Where the nibbling flocks do stray,

Mountains

70

would not have been said but only And storied windows richly dight. for the sake of the rime, and we

a have an instance, I conceive, in Dight, dress'd, adorn'd; a word the line before us. Mr. Pope, I

used by Spenser, and our old have been informd, had remark a writers. Faery Queen. B. 1. Cant.

. feveral defects of the same kind in 4. St. 6. these two poems; and there may With rich array and costly arras be fome truth and juftness in the digbt. observation, which Dryden has

Fairfax Cant. 1. St. 72.
made in the dedication of his Ju-
venal, that “ rime was not Mil-

So
every

one in arms was quickly « ton's talent, he had neither the dight. “ ease of doing it, nor the graces 69. Strait mine eye bath caught 66 of it;" but then it must be faid, new pleafures ) There is in that he had talents for greater my opinion great beauty in this things, and there is more harmony abrupt and rapturous ftart of the in his blank 'verse than in all the poet's imagination, as it is exriming poetry in the world.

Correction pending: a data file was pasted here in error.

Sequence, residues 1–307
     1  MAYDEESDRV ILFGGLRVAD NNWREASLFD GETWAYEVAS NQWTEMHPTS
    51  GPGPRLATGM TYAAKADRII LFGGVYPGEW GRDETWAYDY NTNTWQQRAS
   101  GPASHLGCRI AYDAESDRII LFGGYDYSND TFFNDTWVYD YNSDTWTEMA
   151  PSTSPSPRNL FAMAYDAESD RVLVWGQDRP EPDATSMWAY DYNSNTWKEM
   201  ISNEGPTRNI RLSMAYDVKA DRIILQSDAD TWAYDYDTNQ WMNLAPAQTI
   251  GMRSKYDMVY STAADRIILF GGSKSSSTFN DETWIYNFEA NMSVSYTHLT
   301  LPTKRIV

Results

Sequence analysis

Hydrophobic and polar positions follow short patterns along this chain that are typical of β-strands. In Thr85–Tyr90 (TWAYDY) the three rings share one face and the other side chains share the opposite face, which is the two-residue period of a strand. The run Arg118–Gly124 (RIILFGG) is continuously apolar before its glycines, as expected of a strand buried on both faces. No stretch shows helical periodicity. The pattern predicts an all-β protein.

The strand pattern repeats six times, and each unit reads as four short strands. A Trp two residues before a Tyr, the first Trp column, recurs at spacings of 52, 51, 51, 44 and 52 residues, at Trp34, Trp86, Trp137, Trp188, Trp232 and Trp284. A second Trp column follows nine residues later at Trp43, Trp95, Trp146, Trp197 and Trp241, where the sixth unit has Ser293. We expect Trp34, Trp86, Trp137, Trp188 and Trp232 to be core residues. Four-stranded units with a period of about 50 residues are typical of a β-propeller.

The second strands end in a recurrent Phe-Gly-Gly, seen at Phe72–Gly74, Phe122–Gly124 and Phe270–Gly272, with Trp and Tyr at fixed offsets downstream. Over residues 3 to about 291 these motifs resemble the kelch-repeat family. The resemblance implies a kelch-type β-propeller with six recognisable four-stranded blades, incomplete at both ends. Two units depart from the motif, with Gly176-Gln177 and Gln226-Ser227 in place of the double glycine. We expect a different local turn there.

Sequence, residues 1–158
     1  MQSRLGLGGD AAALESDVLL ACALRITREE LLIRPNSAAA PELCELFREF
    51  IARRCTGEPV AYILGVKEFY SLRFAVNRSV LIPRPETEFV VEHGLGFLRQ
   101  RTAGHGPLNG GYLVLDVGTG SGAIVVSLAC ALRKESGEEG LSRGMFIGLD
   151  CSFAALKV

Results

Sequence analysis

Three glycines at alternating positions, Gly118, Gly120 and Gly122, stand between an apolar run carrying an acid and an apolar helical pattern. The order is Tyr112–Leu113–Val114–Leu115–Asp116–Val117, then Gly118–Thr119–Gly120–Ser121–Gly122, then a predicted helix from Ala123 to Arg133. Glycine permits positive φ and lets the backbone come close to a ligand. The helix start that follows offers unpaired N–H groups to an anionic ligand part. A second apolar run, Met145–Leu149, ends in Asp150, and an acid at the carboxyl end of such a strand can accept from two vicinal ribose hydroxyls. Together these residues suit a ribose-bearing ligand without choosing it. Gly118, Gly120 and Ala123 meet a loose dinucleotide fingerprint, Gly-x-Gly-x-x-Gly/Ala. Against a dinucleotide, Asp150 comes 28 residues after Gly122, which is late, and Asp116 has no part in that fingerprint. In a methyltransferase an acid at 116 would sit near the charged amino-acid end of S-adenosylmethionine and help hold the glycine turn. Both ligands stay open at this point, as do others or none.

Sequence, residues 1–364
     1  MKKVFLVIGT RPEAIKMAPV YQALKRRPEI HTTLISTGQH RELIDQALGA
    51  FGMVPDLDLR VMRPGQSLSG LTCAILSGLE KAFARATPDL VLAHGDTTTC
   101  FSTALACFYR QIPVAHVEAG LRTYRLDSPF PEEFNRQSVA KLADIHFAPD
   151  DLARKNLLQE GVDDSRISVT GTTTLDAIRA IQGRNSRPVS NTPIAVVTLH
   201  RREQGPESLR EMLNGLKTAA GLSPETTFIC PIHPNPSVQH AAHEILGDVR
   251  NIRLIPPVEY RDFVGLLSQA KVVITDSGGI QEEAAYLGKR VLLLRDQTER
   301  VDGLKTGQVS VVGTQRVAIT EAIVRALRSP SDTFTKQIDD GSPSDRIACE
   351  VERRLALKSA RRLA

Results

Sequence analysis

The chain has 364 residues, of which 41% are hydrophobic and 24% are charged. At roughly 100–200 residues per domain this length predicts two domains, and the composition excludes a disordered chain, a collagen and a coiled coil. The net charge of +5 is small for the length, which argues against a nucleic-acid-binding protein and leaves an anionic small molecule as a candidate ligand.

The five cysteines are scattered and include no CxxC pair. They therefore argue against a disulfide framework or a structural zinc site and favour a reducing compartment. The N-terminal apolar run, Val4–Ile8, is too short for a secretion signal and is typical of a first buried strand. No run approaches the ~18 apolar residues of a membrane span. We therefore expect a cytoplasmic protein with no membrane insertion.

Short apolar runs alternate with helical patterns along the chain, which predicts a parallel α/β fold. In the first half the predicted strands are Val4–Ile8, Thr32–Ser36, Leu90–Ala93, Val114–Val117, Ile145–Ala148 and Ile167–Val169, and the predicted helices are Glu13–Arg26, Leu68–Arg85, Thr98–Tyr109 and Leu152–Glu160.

tremely well adapted to the sub62. The clouds in thousand liveries ject, and carries a very pretty aldight,] And so in Il Penseroso lusion to those sudden gleams of

Mountains on whose barren breast
The lab'ring clouds do often rest,
Meadows trim with daisies pied,

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Shallow brooks, and rivers wide.
Towers and battlements it fees
Bosom'd high in tufted trees,
Where perhaps some beauty lies,
The Cynosure of neighb'ring eyes.

8 Hard by, a cottage chimney smokes, From betwixt two aged oaks, Where Corydon and Thyrsis met, Are at their favory dinner set

Of

1

vernal delight which break in upon or the little bear next to our pole, the mind at the fight of a fine as in the Mask 342. I find the prospect. Tbyer.

same expression in Democritus Ju72. Where the nibbling flocks do nior or Burton's treatise of Me.